Indian solar growth is a trajectory impressive enough to compete with dominant solar players. Lack of an industrial backing could not stop India from introducing renewable energy installations within the country. Current solar power capacity standing at 12 GW, and 14 GW capacity projects under construction and 6 GW to be auctioned assured a quick solar growth within the country.
Besides the on-grid solar development, policies and schemes offering custom duty concession, tax holidays, excise duty exemption, and accelerated depreciation, for commercial and industrial sectors, have also led rooftop solar installations to rise from 72 MW per year to 227 MW per year. It is astounding that Indian rooftop solar has surpassed 1 GW capacity, and promising at least 75 per cent growth in 2017 over 2016.
All these show tangible progress, building up the future that will substantiate ‘power for all’ vision of Indian Government leaders. However, we are still nowhere near the countries (China, US) that already dominate huge parts of the solar product supply chain. And it is important to contend with these countries to claim a larger part of the industry, bringing profit to initiate socio-economic reform in the country.
Domestic manufacturing can help India build solar reliance. However, as India does not have systematically enhanced (fashioned through decades) industrial support that countries like China, US, Canada are backed by, Indian solar sector needs financial and policy support from the government to mass produce solar components, controlling the price of the products. For example, Chinese modules are still 8-10 per cent cheaper than domestically manufactured modules (Chinese modules cost $0.33-$0.36 cents/per Watt p, while domestic modules cost $0.35-$0.40 cents/per Watt p). This has created an unfair competition within the Indian solar industry.
Although, Indian solar sector has seen support in guise of Government backing, concessions, and waivers on sales tax, excise duty, basic custom duty, total custom duty have encouraged and allowed domestic manufacturers to go toe-toe with the foreign players, protecting Indian dream of solar reliance ( because, without domestic manufacturers our energy growth and security would be at the mercy of foreign suppliers).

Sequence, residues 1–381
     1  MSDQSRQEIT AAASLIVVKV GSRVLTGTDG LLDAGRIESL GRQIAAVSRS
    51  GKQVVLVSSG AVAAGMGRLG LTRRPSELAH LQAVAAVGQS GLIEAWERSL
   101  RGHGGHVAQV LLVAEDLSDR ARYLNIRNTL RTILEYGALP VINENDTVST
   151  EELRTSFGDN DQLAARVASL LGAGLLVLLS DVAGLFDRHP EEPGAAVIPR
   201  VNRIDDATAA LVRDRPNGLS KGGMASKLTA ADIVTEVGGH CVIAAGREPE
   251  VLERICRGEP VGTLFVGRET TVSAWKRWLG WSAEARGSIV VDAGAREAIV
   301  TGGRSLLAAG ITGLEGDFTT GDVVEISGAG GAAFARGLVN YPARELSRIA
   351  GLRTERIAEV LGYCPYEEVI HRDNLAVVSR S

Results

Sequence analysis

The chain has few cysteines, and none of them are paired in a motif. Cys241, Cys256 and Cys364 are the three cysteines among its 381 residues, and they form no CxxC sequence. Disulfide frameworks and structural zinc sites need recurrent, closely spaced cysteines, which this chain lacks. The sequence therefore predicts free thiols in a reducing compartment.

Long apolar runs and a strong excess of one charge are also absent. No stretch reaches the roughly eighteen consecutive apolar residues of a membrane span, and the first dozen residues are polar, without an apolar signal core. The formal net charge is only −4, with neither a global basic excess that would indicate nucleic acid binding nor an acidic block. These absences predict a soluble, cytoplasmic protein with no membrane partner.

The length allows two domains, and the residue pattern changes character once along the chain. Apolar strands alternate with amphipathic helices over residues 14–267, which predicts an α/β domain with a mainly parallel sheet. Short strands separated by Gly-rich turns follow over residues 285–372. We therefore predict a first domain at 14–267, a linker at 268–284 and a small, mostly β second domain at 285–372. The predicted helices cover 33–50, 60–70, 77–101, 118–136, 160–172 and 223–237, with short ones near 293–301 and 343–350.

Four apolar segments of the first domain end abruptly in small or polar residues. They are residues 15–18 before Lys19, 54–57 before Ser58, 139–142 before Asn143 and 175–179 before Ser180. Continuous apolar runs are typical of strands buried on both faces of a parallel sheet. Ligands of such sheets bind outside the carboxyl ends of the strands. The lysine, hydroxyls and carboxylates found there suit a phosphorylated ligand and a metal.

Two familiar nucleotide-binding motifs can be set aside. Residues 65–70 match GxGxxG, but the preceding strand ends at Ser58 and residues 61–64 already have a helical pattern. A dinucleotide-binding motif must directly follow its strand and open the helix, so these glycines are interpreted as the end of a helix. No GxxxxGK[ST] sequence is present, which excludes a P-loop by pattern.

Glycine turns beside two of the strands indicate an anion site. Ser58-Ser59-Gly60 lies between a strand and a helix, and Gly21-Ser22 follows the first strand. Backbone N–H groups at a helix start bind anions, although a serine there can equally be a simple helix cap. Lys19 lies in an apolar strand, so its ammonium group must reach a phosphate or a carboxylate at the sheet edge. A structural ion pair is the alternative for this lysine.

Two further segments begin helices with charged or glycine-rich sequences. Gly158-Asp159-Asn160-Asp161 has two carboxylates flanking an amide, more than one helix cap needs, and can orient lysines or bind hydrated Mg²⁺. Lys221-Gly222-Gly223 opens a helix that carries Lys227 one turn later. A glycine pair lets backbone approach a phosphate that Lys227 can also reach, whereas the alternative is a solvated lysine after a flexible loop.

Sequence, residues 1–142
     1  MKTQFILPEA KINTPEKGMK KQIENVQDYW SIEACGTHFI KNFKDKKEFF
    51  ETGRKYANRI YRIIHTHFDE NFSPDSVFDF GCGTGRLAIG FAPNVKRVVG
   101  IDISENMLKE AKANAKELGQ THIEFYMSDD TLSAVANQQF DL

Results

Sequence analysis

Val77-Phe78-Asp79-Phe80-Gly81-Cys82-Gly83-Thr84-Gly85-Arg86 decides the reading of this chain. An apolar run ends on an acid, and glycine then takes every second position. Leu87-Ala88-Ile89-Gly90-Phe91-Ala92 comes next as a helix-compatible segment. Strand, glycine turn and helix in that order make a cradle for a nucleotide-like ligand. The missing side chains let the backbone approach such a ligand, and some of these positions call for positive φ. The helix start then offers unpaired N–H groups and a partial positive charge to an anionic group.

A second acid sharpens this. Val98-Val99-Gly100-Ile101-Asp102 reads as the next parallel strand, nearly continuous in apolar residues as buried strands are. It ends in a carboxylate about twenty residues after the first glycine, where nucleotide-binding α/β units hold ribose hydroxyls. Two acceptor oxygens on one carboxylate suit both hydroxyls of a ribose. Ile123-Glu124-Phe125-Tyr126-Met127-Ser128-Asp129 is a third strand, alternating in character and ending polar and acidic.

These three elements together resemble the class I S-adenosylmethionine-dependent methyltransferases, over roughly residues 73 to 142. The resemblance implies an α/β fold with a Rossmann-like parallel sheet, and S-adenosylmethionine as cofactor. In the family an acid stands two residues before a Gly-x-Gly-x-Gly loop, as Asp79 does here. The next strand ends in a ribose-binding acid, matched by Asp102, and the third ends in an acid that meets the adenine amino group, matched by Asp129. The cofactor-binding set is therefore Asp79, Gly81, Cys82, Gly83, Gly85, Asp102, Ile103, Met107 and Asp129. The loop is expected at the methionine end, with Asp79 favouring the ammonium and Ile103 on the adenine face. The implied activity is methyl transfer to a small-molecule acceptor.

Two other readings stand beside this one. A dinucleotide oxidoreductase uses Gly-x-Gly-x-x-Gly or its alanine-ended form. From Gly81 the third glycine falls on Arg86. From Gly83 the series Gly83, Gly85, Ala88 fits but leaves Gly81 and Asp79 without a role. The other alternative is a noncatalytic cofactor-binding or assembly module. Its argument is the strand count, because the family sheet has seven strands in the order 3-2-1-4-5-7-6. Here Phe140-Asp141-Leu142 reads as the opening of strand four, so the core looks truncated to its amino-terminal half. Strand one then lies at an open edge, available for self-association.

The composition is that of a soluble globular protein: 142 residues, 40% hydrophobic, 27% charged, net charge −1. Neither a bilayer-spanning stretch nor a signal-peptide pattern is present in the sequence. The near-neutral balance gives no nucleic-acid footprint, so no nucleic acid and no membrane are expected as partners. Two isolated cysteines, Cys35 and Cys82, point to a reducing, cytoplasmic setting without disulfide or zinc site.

Let us look at the privileges Indian solar sector enjoyed:
Excise Duty: The Excise Duty on Manufacture of Solar Modules (HS Code 854140) is Nil vide exemption notification no. 12/2012 dated March 17, 2012
Sales Tax: The Sales Tax in the form of VAT/CST has been Zero Rated/NIL/Exempted in most of the states namely Rajasthan, Madhya Pradesh, Uttar Pradesh, West Bengal, Karnataka, Tamil Nadu, Chhattisgarh etc.
Basic Custom Duty: The Basic Custom Duty on import of Solar Modules (HS Code 854140) is Nil vide exemption notification no. 24/2005 dated March 1, 2015
Total Custom Duty: The custom duty on import of Solar Modules is Nil, since Basic Custom Duty is Nil and CVD (in lieu of Excise Duty) is Nil so, SAD (in lieu of VAT) is Nil.
However, we fear that with 5 per cent added tax on solar modules, brought on by GST rates, the competition will intensify even more than it is currently now, cutting down the profit ratio considerably, forcing domestic manufacturers to sell modules at a loss. GST tax on modules will also increase overall project cost considerably, which will essentially make projects financially unviable (due to continuously falling solar tariffs), breeding confusion on ROI, thus scaring off investors.
Indian solar industry will eventually become a subsidy free sector, satisfying the energy demand and bringing profit in the country for socio-economic development. However, reaching such a position will take time. Currently India is at a nascent stage and needs support from Government for growth we have envisioned. Burdening this sector with taxes would not be the right path towards success. Waiving off taxes on modules on the other hand can help the sector grow and build solar capacities within the country to claim a piece of the global energy market.